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Oregon Man Convicted Under Revenge Porn Law Claims It Is Unconstitutional

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Revenge porn can be terribly harmful. But not all laws punishing it are legally sound.

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Oregon passed a revenge porn bill in June of last year criminalizing the “unlawful dissemination of [an] intimate image” of a person with the “specific intent” to humiliate or harm that person’s reputation. Over a year later, 31-year-old Benjamin Barber became the first individual to be convicted under the law after he uploaded explicit videos of himself and an ex-girlfriend onto multiple adult websites without her permission, according to the Washington County sheriff’s office. Now, Barber is calling the law “literally unconstitutional” and is reportedly threatening to sue the state for violations of his First Amendment rights.

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A Washington County judge sentenced Barber to six months in jail followed by five years of probation on Dec. 1. The Oregonian reports that he ordered Barber to avoid all contact with the woman and destroy all images of her that he possessed; the judge also prohibited him from using a computer for non-work purposes. Barber will not, however, have to register as a sex offender.

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Prosecutor Marie Atwood told the Oregonian that the defense had argued during the trial that Barber held the rights to the videos and that the woman involved had no right to privacy. After the trial, Barber told a reporter from CBS-affiliate KOIN6 News that his ex-girlfriend had initially tried to blackmail him with the videos.

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According to the Cyber Civil Rights Initiative, 34 states and Washington, D.C. all have laws in place against revenge porn. According to the CCRI’s 2013 report, 90 percent of nonconsensual pornography victims are women, and over half of victims reported that the explicit material was posted by an ex-boyfriend. 93 percent of victims said they have suffered “significant emotional distress” as a result of having explicit photos or videos of them shared online without their permission.

Barber’s contention that these sorts of laws might be legally dubious is actually not quite as bogus as it might sound. For example, in September 2014, the American Civil Liberties Union sued the state of Arizona for its revenge porn statute, claiming the law’s vagueness could lead to the prosecutions of those who publish nude photos without the subject’s consent that are “newsworthy, artistic, educational, or historic,” such as the Pulitzer Prize-winning photograph known as “the Napalm Girl.” The case settled in the ACLU’s favor in July 2015 with federal judge ordering state prosecutors not to enforce the law.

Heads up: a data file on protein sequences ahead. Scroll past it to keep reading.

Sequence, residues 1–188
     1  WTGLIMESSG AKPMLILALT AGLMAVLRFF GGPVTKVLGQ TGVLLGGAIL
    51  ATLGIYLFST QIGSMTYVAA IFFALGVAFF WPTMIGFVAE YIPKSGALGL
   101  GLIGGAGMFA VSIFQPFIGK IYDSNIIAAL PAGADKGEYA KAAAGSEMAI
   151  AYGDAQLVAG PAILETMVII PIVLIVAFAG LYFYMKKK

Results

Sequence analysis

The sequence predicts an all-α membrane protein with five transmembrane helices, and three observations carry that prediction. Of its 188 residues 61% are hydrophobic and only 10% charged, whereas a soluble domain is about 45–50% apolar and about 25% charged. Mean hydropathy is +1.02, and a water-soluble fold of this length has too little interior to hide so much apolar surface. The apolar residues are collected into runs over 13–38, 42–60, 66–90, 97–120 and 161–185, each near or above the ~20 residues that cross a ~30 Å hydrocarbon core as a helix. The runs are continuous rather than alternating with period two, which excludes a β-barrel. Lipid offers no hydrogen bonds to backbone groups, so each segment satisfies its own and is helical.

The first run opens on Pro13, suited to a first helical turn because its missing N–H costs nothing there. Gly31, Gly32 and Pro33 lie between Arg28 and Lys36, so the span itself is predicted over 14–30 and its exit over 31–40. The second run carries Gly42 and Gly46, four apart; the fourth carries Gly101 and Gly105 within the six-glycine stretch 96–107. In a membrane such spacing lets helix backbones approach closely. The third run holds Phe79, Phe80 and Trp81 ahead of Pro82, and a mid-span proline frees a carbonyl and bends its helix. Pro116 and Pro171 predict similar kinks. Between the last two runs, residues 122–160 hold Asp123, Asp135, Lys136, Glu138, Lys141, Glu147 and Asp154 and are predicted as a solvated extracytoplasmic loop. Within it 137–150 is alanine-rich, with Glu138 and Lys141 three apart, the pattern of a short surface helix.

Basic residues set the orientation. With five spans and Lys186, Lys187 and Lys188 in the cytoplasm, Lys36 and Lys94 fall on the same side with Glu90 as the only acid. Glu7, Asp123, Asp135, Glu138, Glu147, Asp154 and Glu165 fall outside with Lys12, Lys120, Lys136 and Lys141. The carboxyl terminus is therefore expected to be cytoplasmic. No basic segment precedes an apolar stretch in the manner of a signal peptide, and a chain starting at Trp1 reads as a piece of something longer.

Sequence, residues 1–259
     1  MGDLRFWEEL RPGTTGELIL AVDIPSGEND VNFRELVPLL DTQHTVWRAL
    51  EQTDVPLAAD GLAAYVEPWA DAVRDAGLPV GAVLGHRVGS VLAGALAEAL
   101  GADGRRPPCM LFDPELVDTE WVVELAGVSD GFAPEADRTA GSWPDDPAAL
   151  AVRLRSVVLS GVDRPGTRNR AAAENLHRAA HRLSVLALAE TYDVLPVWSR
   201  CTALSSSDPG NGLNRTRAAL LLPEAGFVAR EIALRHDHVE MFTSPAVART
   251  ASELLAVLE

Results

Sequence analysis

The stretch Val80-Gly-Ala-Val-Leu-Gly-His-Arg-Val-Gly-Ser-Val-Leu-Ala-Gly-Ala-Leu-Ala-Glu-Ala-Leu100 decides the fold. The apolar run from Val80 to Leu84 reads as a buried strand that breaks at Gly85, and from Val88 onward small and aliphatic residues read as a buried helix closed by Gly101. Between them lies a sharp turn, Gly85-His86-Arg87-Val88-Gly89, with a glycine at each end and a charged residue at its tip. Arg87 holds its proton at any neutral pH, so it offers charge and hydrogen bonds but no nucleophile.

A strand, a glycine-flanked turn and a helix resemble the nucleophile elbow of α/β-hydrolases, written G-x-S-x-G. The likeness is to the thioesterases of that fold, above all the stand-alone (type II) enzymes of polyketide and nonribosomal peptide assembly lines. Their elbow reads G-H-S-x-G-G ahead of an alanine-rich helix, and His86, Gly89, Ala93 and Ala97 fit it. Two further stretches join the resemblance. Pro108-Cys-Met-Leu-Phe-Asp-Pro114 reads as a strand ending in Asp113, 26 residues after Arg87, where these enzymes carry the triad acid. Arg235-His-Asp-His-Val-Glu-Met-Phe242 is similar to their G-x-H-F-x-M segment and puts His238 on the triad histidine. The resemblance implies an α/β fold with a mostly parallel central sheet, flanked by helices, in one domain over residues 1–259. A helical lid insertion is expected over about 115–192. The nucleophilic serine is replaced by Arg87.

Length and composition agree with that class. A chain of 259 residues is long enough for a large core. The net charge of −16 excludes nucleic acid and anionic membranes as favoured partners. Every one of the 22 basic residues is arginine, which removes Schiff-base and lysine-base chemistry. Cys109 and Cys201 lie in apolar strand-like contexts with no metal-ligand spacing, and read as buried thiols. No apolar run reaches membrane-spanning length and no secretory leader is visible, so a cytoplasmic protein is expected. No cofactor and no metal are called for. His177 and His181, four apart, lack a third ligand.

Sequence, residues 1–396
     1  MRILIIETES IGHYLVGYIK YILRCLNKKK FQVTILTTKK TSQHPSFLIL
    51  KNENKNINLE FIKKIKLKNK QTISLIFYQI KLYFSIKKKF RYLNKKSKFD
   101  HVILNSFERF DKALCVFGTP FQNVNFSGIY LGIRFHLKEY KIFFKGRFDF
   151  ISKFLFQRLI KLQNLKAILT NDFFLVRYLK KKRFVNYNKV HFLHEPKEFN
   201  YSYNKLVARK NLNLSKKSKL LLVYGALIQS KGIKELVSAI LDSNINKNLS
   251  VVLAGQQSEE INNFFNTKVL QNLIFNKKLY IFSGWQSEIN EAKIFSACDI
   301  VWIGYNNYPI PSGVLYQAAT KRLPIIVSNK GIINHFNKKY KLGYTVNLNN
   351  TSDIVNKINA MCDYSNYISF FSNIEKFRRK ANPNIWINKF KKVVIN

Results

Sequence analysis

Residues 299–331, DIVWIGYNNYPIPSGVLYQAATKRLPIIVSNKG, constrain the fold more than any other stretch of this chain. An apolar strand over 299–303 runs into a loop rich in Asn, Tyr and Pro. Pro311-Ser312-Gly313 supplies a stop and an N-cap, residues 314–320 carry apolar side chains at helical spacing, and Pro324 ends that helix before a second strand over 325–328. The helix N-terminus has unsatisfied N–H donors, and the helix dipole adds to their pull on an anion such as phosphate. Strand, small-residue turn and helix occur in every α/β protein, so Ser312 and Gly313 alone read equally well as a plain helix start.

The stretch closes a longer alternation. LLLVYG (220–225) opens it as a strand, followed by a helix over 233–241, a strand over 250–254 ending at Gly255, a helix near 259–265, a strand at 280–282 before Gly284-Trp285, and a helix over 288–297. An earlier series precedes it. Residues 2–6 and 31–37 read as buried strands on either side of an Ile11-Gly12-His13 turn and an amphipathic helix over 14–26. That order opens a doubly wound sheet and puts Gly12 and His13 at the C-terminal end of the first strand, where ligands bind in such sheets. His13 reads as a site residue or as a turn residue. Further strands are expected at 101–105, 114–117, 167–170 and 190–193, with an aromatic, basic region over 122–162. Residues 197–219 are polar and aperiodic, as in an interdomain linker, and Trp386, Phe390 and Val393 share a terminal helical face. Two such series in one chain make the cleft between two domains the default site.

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Given revenge porn’s relative newness, it has not been formally named in the list of unprotected speech under the First Amendment, which currently includes incitement, threats, obscenity, child pornography, defamation of private figures, criminal conspiracies, and criminal solicitation. According to the American Bar Association, some attorneys have argued that ‘revenge porn’ falls under the obscenity category, while others defend amateur porn sites by citing Section 230 of the Communications Decency Act, which protects websites from being prosecuted for user-submitted content. Northwestern Law professor Andrew Koppelman wrote in an article for the Emory Law Journal that “[l]aws prohibiting revenge pornography thus violate the First Amendment as the Court now understands it.” He called for the courts to add a clear exception to the First Amendment to ban revenge porn. “The harm that this speech causes is, however, so severe that an exception to ordinary free speech principles is justified,” he wrote.

So far, successful prosecutions for revenge porn are uncommon; the aforementioned legal wrinkles notwithstanding, Oregon’s conviction under its new law indicates a step in the right direction toward protection of privacy rights, especially for women and young people—the primary demographic of revenge porn victims. While a six-month sentence does not come close to matching in length the years of possibly irreversible damage to a woman’s reputation as a result of having explicit images circulating online, hopefully convictions like this one will act as a much-needed deterrent.

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